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‘Into the West’

By Desson Howe
Washington Post Staff Writer
September 17, 1993

 


Director:
Mike Newell
Cast:
Gabriel Bryne;
Ellen Barkin;
Colm Meaney;
Ciaran Fitzgerald;
Rory Conroy;
David Kelly;
Johnny Murphy
PG
Parental guidance suggested


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To 12-year-old Tito and his 8-year-old brother Ossie, the white horse called Tir na nOg is not of this world. The beautiful steed, given to them by their gypsy grandfather, is the finest, most beautiful thing in their lives. So when Tir na nOg (whose Celtic name means The Land of Eternal Youth) is apprehended by a police officer with black-market intentions, it's time for the Dublin lads to rescue their beloved and kindred spirit.

"Into the West," which stars Gabriel Byrne as the boys' down-and-depressed father, and Ellen Barkin (as a gypsy who helps Byrne pursue his on-the-lam children), is a charming children's crusade -- a rewarding journey for all ages.

Scriptwriter Jim ("My Left Foot") Sheridan and director Mike Newell (who did "Enchanted April") follow the boys' quixotic mission with an acute eye for the drab depression of Dublin's low-income apartment towers, the beautiful countryside beyond it and the hermetic, lore-driven world of the "travelers," a Celtic-originated gypsy tribe.

Stuck in a rat-infested flat, Tito and Ossie are forced to abide the drunken, grieving gloom of their recently widowed father, Papa Riley (Byrne). To the boys, the arrival of Tir na nOg is the promise of better things. They listen, enrapt, as their grandfather (David Kelly) recounts the story of the Land of Eternal Youth, the mythical place under the sea where their horse comes from.

But to their besotted father, who has rejected his traveler roots, Tir na nOg is just another maintenance problem. When an unscrupulous horse breeder (John Kavanagh) and a conspiring police chief take the horse away, Papa Riley only half-heartedly attempts to retrieve him. Appalled, the boys take matters into their own hands.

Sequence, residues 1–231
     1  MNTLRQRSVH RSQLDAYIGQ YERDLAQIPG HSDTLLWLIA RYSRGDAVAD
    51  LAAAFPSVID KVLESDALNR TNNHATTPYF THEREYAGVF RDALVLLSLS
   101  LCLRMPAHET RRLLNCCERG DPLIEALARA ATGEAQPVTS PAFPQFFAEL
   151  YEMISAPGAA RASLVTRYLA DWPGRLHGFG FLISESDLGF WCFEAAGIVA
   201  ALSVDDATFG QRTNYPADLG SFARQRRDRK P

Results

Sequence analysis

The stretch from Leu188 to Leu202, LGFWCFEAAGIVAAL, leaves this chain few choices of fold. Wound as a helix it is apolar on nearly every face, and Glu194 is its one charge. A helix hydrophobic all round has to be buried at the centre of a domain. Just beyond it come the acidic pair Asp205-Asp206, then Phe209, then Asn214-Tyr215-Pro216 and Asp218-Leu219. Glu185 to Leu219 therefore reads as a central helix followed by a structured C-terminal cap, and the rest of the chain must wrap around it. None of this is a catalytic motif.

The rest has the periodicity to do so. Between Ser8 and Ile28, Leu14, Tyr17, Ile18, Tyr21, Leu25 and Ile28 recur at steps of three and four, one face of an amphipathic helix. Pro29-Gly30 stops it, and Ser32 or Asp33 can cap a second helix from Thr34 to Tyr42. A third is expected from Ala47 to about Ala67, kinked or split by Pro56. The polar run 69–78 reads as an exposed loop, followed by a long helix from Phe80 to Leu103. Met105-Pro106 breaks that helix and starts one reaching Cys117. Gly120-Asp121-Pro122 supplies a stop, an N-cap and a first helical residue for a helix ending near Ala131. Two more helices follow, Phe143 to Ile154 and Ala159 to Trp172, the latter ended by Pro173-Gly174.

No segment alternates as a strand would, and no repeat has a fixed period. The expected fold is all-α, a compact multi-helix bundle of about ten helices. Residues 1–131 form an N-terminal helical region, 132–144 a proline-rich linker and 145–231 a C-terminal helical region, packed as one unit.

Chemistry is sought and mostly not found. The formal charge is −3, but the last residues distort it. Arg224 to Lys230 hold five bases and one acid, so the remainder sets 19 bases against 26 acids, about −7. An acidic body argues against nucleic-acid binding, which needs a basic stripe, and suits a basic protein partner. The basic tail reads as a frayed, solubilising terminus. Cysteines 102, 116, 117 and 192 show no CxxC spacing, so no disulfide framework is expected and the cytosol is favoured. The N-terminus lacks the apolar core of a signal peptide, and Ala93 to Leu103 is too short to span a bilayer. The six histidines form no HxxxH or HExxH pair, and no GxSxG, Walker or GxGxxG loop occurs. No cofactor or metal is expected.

The result is a sort of Celtic junior version of "Butch Cassidy and the Sundance Kid," as Tito and Ossie abscond with the horse, hide him under bridges and ride into the sunset, with the authorities -- and their contrite dad -- hot on their heels. They're headed for the west coast, where they intend to help Tir na nOg return to his mythic home under the sea. Spiritually rejuvenated by a reunion with the travelers, Papa Reilly realizes that -- should he find his children -- it's imperative to help them.

Despite its twinkly eyed intentions, "Into the West" avoids the cloying, Disneyesque route. This is not a slapstick chase movie full of precious moments between a boy and his horse. The boys' dirty-faced ordeal is a very real, dangerous one, and their naive faith is the only defense against oppressive surroundings. Most of the emotional impact comes from the mutual presence of child actors Ciaran (pronounced "Keeran") Fitzgerald as Ossie, and Ruaidhri ("Rory") Conroy as Tito. With their pluckiness and perky brogue, they make two of the most memorable scalawags to scuffle across the screen in a long time. You can hear their chirrupy voices long after the movie is over.

   
© Copyright 1999 The Washington Post Company

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